Whether you need an old name for a type of golf club for your morning crossword or you’re just a golf enthusiast wanting to learn as much as possible about the sport, this post will go through all of the known old names for golf clubs. From putters to irons to drivers, these are all the old golf club names ever used.
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Perhaps the following names shouldn’t come as a surprise in a sport with such unusual nomenclature. After all, hitting a Miss Piggy or pulling a Saddam Hussain aren’t things you can do while playing any other sport. A Miss Piggy is when the clubhead strikes the turf behind the ball. It causes poor contact and the ball does not land on the green. However, this can be caused by outside conditions or luck. As for the Saddam Hussein, it refers to a shot that takes you from bunker to bunker.
Before we jump straight into the list, it’s interesting to note that the game of golf, previously known by such diverse names as goiff, gowfe or golve, originated in Scotland during the High Medieval Period, with King James IV of Scotland becoming the first monarch to partake in the pastime in the 1400s.
Old Golf Club Names:
1. Grass Club, Long Club, Play Club, Hickory Shafted Driver – these are all obsolete names for a driver, the biggest club in a golfer’s bag.
2. Brassie, Scraper – this is the old name for a type of golf club which most resembles the modern 2-wood, a type of club which rarely finds a place in golfers’ bags nowadays.
3. Long Spoon – the outdated name for 3-wood clubs.
4. Baffie, Baffing Spoon – both old fashioned golf club names for woods with higher lofts than the 3-wood.
5. Middle Spoon, Wooden Cleek – this is what 4-woods were known as before the 19th century.
6. Short Spoon – the modern equivalent of the short spoon would be the 5-wood. The earliest short spoons had clubfaces shaped like, wait for it, spoons. Because golf clubs were only mass produced in the early 20th Century, short spoon clubfaces had varying degrees of concavity.
7. Wooden Head – this was the name given to a type of old-fashioned golf club which achieved much the same function as modern 7, 8, and 9-woods.
8. Heavy Iron – the archaic name for golf clubs which featured iron clubheads.
9. Cleek – this is probably the most ancient name for a golf club, which most resembles today’s 1 and 2-irons. A cleek first appeared in the mid-15th-century.
10. Driving Iron – the 1-iron, now rendered practically obsolete by more forgiving modern clubs, was known by this name until the 19th century.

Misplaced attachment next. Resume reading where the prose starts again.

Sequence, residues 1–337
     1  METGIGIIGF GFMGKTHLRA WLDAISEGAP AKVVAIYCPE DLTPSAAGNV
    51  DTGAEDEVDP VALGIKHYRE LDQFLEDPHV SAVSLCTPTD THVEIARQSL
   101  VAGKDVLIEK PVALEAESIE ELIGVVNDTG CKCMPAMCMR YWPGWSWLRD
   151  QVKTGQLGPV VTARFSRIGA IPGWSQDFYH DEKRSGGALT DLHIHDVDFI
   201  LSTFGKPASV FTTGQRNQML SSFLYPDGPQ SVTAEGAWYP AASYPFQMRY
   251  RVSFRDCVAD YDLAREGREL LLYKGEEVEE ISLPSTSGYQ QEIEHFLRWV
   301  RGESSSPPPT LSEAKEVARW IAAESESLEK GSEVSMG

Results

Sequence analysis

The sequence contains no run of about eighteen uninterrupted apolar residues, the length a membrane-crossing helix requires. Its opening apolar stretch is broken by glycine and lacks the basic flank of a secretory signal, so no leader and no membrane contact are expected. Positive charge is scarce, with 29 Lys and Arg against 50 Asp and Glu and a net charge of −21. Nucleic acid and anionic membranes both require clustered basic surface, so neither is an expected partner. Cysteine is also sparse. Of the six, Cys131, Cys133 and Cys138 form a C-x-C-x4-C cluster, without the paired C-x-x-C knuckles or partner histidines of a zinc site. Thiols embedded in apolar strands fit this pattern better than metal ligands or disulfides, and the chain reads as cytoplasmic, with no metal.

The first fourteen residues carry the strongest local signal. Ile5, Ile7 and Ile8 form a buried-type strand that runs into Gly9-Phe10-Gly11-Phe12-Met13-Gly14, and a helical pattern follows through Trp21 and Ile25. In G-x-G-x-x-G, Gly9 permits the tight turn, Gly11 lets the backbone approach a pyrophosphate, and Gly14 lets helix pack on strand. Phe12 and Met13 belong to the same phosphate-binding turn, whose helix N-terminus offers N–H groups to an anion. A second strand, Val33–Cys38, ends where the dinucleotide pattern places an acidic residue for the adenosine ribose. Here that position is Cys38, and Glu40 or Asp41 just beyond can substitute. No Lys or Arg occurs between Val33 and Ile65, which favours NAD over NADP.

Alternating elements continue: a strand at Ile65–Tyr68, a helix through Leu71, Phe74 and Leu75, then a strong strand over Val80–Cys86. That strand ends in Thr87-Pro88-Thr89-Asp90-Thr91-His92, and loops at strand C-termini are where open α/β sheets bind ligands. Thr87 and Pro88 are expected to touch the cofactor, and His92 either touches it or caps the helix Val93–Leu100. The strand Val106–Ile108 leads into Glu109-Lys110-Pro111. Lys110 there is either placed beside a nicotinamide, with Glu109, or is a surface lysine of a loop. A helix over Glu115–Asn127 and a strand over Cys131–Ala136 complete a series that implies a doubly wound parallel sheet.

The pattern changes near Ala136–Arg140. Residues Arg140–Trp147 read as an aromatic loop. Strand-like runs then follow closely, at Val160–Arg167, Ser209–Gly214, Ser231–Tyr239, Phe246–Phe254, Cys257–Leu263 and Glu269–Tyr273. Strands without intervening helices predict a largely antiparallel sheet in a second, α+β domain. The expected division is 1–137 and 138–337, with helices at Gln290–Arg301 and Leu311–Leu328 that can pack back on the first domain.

11. Mid-mashie – this is the previous name for a golf club which corresponds to the modern 3-iron. Interestingly, the word ‘mashie’ comes from the French ‘massue’, meaning club.
12. Mashie Iron – the mashie iron, sometimes shortened to just ‘mashie’, was the name used until the 19th century for a club which most resembled the modern 4-iron in loft.
13. Mashie – this is an old name for a golf club used for approach shots. The modern equivalent of this would be the 5-iron club.
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14. Spade Mashie – this is what the 6-iron club used to be called back in the day.
15. Mashie Niblick – this fun moniker was used for a club which was equivalent in use to the modern 7-iron.
16. Pitching Niblick – this is the old way to refer to a golf club which achieved the same function as the modern 8-iron, or short iron.
17. Niblick – the old name for a sort of golf club which corresponds to the 9-irons golfers around the world use nowadays.
18. Sand Iron – as the name suggests, this was the name for a type of club used to hit those tricky bunker shots where the ball is lodged in sand; this is usually the heaviest club in a modern golfer’s bag.
19. Track Iron, Rut Iron, Rutter – All old name for a golf club which was used in much the same way that modern small headed wedges are used by today’s golfers.
20 Jigger – this old golf club name refers to a short-shafted club with low loft which was used in the same way the modern chipper is.
21. Putting Cleek – we’re finally on the green and it’s time to hole this thing. In the olden days golfers would use a putting cleek for shots from the green, however, nowadays we call this club a putter.
We hope you enjoyed reading the most comprehensive list of old names for golf clubs on the internet; now you’ll be able to wow everyone else on the golf course with your newly gained esoteric golf knowledge. If your interest in obsolete golf nomenclature was sparked by a pesky crossword, you’ll no doubt find the above list of names useful. Finally, be sure to use modern club names when searching for new golf clubs to add to your collection. And if you’re interested in learning things like how long golf clubs last or how to clean your golf clubs, go ahead and check out our other blog posts.
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